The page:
Government released a statement on Wednesday night in response to a hunger strike launched Tuesday by eight Cuban migrants at the Immigration Detention Centre.
The Cubans began protesting last week over how government is handling their asylum applications. A Cuban asylum applicant on supervised release from the facility said the protesters believe they have not had their legal rights properly explained to them, they have not received a fair asylum hearing, and they do not have access to channels of communication.
Their main fear is being expatriated back to Cuba, one migrant participating in the protest told the Cayman Compass.
The protest escalated into a hunger strike on Tuesday after detention center officers searched the detainees’ premises and confiscated their cellphones, according to the Cuban, who said the officers want to silence the detainees.
Government said on Wednesday night that Acting Chief Immigration Officer Garfield Wong met with the migrants last Thursday and committed to addressing their concerns.
Officials also confirmed that they confiscated five mobile phones, which are prohibited for safety and security reasons, from the same group of migrants.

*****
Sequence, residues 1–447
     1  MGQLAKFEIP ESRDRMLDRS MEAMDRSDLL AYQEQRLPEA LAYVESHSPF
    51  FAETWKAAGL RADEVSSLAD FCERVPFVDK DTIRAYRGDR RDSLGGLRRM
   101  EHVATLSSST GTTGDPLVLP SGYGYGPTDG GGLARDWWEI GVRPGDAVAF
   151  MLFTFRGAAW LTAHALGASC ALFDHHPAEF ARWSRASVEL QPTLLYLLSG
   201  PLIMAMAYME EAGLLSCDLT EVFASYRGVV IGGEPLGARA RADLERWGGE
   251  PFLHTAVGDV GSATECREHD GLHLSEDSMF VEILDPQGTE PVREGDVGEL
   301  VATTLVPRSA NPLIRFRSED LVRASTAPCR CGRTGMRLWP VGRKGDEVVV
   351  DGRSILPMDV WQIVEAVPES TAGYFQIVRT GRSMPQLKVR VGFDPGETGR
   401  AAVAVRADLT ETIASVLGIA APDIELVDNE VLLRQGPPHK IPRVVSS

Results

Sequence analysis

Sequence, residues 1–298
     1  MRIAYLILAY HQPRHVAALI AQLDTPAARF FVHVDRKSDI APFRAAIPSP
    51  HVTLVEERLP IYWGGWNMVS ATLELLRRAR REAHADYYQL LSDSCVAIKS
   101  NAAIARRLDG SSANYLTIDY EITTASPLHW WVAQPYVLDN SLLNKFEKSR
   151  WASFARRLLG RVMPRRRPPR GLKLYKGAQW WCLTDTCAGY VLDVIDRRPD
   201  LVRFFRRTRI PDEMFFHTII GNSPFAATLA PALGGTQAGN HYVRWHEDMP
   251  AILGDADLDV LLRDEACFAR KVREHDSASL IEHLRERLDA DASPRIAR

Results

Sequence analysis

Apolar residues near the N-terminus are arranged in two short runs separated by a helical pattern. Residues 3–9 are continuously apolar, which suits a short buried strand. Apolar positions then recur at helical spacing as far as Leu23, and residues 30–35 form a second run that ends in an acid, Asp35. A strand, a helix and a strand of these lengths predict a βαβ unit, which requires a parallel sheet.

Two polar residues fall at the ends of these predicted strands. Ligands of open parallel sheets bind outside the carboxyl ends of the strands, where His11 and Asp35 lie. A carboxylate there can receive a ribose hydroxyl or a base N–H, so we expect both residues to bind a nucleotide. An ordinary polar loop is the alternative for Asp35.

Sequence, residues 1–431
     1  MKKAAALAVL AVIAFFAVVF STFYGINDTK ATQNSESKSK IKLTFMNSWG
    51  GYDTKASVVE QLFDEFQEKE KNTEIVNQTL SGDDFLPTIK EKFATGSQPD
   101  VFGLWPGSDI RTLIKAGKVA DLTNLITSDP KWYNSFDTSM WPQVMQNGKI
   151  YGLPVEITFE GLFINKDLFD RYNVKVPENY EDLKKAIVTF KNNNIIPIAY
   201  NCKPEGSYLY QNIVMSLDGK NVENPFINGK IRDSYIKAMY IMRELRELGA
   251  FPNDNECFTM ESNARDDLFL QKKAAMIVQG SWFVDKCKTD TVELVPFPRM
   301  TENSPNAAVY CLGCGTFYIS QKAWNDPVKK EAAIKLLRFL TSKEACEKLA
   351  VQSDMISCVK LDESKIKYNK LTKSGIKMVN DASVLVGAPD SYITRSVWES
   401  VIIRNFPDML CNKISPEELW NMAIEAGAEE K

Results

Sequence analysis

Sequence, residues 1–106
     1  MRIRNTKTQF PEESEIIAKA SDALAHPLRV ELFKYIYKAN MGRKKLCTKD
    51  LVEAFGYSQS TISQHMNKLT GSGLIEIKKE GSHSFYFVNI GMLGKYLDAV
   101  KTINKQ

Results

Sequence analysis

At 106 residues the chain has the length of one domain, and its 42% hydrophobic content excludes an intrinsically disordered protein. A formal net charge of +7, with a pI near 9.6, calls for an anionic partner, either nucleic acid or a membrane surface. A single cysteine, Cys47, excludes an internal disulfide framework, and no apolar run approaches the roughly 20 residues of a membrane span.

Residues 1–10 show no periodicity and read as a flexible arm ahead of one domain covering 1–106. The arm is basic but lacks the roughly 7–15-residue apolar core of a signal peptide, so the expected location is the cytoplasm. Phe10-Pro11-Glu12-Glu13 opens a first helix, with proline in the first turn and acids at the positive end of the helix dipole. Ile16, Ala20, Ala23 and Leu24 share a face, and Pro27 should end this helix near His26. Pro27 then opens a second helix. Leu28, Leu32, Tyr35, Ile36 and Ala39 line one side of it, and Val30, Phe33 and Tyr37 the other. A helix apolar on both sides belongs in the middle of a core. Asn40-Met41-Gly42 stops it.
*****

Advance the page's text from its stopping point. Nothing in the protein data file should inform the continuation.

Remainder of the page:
“All occupants of the IDC are able to make 10 mins of outgoing phone calls a week on a landline, but can receive incoming calls 24 hours a day,” government stated.
Government added that as soon as the migrants refused food, the Prison Service implemented its protocols for such situations, including close observations and medical checks by Health Services Authority staff.
“Mindful of the peaceful nature of the protest, immigration and prison officers are working closely to de-escalate matters as much as possible,” government stated.
The public protest at the Immigration Detention Centre is the second one held there in the last six months. In July, nine Cubans launched a hunger strike in response to their prolonged detention at the immigration center. At the time, five men in the center had been detained for more than two years. Six others had been detained for more than one year.
Later in 2018, the Cubans were released from the detention center under government supervision while their asylum applications were considered.
Government stated on Wednesday night that 10 of the migrants who have been here for a long period of time remain on release in the community, and are subject to electronic monitoring.
The group of eight protesters were among 11 who arrived in the Cayman Islands on Sept. 28, when their boat became distressed in local waters on the way to Central America. Two persons from the group have already been repatriated to Cuba, according to government.